Cries of joy peeled from the mouths of elated parents as a joint New York City Police-Fire rescue team in Haiti pulled out two children alive from the rubble of a collapsed two-story building in Port-au-Prince.
Yet the miracle was tempered by a 6.1 magnitude aftershock that rocked the quake-shattered nation early Wednesday morning.
The U.S. Geological Survey said the 6.1 magnitude quake hit at 6:03 a.m. about 35 miles northwest of the capital of Port-au-Prince. It struck at a depth of 13.7 miles but was located too far inland to generate any tidal waves in the Caribbean.
Wails of terror rose Wednesday from frightened survivors of the apocalyptic quake that struck eight days ago as people poured out of unstable buildings. Tens of thousands were feared dead after the earthquake hit the impoverished country last week, spurring a massive international relief effort still encumbered by the daunting recovery efforts that lay ahead. The decimated infrastructure makes it extraordinarily difficult for relief convoys to get through the ravaged country, and hundreds of Haitians are desperate for food and water that can't arrive fast enough.
But the New York team's rescue was cause for hope for those who still haven't heard from relatives or may remain lost under the rubble more than a week after the quake struck on Jan. 12.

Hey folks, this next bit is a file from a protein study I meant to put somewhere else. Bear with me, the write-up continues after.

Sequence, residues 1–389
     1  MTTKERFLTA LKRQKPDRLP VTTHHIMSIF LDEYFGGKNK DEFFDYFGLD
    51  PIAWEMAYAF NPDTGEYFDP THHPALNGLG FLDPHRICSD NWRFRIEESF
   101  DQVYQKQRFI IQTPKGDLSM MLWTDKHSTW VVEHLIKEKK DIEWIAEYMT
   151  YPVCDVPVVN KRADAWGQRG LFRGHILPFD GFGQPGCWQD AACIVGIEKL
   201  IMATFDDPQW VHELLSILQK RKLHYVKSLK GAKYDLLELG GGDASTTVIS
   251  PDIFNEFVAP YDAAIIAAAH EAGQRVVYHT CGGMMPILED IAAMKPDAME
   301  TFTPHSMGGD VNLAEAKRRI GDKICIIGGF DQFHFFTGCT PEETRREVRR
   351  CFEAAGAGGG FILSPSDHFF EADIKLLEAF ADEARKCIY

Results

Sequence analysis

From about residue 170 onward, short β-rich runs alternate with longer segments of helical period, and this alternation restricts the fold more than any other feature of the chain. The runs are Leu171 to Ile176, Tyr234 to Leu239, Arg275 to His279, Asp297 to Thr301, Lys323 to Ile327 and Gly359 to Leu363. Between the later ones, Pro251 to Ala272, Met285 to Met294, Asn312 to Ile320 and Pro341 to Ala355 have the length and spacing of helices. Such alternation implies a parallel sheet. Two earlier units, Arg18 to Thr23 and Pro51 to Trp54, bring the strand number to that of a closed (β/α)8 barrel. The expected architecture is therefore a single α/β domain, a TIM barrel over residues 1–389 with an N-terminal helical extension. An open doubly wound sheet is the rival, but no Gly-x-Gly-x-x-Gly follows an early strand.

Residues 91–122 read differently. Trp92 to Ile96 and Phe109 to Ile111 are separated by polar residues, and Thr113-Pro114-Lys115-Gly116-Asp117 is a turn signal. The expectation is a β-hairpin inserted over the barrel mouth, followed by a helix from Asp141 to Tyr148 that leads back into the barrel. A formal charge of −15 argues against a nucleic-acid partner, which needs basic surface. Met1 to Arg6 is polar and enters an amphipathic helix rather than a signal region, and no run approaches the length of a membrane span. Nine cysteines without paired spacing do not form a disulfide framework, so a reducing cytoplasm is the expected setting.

Police spokesman Paul Browne says the 8-year-old boy and 10-year-old girl had been trapped for a week and were severely dehydrated. He said the children, pulled from the rubble that was illuminated by lights and generators the rescuers brought with them from New York, were rushed to an Israeli tent hospital where they were being treated.
Browne says the team recovered the bodies of the children's three siblings from the same site earlier in the evening Tuesday, but they were pronounced dead at the scene. He says a rescue team from Virginia joined the NYPD and FDNY in the effort.
Browne says the boy and girl, who are brother and sister, were the fifth and sixth individuals pulled alive from collapsed buildings by the New Yorkers since the 76-member team arrived in Haiti on Saturday.
Fortunately, all 76 members of the NYPD-FDNY rescue team, as well as the four police dogs accompanying them, are safe and accounted for in the aftermath of the 6.1-magnitude earthquake that hit Haiti Wednesday morning. No one was injured, but team members did say they felt the ground's violent shaking caused by the earthquake tremors.